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Old Smoker
February 18, 2012, 07:00 PM
These pistols were used and manufactured wll into the sixties. Can someone explain how these and the Polish P64 are classified as C&R? Was the classification applied for by importers or by the atf without a request?

Hardcase
February 18, 2012, 09:21 PM
The date of manufacture makes it a "relic". Its uniqueness or some other feature makes it a "curio".

The "relic" thing happens automatically when a firearm hits 50 years. The "curio" thing happens if a request is made of the ATF to make that determination. The request doesn't have to come from the importer - anybody can make it. If you happen to see the list of C&R firearms, there are a lot of individual guns on it, identified by serial number. A lot of them are short-barreled Winchester rifles. Individuals have requested them to be declared curios based upon their historical importance.

Cheapshooter
February 18, 2012, 09:56 PM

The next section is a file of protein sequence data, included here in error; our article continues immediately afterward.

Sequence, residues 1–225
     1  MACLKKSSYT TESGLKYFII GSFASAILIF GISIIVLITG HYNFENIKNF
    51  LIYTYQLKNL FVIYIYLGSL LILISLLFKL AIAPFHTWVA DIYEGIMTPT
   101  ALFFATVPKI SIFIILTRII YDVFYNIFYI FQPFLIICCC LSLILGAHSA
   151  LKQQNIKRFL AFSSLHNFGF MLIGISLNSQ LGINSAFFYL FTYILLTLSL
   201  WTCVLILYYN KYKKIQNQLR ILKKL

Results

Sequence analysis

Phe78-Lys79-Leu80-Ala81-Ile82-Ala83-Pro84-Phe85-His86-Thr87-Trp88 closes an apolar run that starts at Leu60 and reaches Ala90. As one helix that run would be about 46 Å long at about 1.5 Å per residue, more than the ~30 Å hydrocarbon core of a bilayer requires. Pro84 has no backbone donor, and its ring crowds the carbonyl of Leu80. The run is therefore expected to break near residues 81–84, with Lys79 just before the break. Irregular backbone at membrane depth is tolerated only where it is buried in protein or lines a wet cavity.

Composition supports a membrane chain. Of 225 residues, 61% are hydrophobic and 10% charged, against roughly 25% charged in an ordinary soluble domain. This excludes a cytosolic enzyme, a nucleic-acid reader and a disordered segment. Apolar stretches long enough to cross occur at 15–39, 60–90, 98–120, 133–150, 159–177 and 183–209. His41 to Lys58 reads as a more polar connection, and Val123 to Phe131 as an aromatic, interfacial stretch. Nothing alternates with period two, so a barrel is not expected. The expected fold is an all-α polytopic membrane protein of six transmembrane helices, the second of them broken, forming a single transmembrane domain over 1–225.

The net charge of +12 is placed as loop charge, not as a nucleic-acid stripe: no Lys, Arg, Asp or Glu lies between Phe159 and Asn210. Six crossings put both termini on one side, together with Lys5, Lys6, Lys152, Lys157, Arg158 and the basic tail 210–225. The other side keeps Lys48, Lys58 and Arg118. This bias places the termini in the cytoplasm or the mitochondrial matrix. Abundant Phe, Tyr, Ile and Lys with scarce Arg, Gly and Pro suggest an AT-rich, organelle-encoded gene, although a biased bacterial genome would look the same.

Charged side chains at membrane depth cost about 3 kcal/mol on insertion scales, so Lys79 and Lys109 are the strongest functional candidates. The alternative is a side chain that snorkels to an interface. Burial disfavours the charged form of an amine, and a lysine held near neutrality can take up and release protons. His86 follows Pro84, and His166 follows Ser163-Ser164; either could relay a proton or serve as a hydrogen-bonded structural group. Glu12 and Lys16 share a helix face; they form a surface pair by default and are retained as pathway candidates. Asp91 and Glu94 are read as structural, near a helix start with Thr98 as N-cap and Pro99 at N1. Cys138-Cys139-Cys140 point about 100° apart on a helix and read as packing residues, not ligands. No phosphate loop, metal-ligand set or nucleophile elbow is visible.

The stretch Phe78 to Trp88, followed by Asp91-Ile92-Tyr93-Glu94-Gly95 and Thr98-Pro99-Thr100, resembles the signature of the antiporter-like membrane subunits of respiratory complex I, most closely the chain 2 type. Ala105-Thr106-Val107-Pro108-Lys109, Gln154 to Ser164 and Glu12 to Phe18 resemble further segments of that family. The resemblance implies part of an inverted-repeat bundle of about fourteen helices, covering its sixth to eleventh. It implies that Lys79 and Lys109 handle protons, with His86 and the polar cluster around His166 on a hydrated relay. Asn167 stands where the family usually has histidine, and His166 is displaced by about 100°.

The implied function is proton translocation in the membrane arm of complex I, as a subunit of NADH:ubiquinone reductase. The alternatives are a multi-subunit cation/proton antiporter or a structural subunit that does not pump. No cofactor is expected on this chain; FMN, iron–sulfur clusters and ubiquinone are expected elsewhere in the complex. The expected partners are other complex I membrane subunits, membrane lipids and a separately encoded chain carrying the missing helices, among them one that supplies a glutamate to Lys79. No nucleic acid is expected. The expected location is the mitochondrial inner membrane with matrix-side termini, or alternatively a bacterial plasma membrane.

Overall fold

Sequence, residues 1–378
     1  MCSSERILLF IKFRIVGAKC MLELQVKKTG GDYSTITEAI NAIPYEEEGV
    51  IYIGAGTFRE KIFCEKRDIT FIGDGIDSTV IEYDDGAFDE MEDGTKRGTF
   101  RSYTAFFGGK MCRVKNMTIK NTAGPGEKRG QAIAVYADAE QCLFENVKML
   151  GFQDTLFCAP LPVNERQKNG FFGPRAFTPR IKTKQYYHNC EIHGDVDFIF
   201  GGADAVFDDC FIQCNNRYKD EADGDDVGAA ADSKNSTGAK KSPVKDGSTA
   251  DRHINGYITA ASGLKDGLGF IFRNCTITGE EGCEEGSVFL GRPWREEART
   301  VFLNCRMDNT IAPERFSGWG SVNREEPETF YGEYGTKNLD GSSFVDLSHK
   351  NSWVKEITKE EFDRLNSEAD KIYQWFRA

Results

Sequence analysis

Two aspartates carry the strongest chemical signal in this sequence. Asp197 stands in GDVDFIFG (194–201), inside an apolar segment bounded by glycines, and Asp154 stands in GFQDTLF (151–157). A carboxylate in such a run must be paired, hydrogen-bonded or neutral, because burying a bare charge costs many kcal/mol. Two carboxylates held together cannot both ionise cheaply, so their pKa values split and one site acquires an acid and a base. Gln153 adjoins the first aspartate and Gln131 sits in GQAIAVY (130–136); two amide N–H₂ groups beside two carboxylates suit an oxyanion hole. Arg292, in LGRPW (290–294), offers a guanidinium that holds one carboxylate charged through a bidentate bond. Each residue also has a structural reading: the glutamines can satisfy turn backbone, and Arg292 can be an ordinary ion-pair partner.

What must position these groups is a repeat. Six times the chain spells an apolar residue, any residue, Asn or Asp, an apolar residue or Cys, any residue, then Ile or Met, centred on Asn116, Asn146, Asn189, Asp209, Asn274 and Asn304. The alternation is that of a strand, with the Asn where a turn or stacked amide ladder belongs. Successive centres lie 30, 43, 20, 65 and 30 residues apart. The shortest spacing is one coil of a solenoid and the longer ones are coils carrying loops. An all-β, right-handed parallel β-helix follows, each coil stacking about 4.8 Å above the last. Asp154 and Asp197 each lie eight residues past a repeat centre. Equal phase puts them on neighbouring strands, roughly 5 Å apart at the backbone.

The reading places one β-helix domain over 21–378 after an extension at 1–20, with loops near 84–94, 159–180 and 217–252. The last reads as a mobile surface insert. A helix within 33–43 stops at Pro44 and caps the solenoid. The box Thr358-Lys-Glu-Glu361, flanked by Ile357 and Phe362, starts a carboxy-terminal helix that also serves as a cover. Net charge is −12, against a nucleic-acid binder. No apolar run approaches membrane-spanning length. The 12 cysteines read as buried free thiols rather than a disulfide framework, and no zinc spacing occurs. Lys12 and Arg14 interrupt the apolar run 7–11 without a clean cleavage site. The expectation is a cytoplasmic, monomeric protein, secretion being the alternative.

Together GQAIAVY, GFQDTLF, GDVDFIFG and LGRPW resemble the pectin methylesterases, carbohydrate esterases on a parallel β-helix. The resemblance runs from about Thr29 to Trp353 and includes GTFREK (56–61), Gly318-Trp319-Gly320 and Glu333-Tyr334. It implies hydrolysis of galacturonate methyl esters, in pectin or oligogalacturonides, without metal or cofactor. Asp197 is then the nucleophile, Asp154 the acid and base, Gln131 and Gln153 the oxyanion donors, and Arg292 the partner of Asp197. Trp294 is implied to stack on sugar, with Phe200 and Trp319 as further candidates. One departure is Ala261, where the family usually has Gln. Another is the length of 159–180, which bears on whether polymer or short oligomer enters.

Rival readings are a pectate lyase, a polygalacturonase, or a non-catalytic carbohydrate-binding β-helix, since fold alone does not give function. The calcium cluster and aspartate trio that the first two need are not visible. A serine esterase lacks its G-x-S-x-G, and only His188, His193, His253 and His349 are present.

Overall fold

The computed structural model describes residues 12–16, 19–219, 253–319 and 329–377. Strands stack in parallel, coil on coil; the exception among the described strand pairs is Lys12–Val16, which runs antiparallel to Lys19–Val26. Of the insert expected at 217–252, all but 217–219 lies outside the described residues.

Possibly "historical significance" due to the fall of the Iron Curtain.
What ever the reason, don't question, just enjoy!!! Great guns, and a lot of fun at the range.

gyvel
February 19, 2012, 01:01 AM
In the case of some former East Bloc countries, their weapons were all but impossible to obtain in the U.S. by collectors. It was for this reason that BATF was solicted to make them C&Rs.

tobnpr
February 19, 2012, 10:08 AM
Same with my CZ-82. Made in '86, hardly qualifies for the minimum 50 year age requirement.

jsmaye
February 20, 2012, 09:31 AM
If the country of origin or manufacture has fallen, that's often enough to qualify a firearm as a C&R. Not automatically, of course - someone still has to petition the BATFE for it.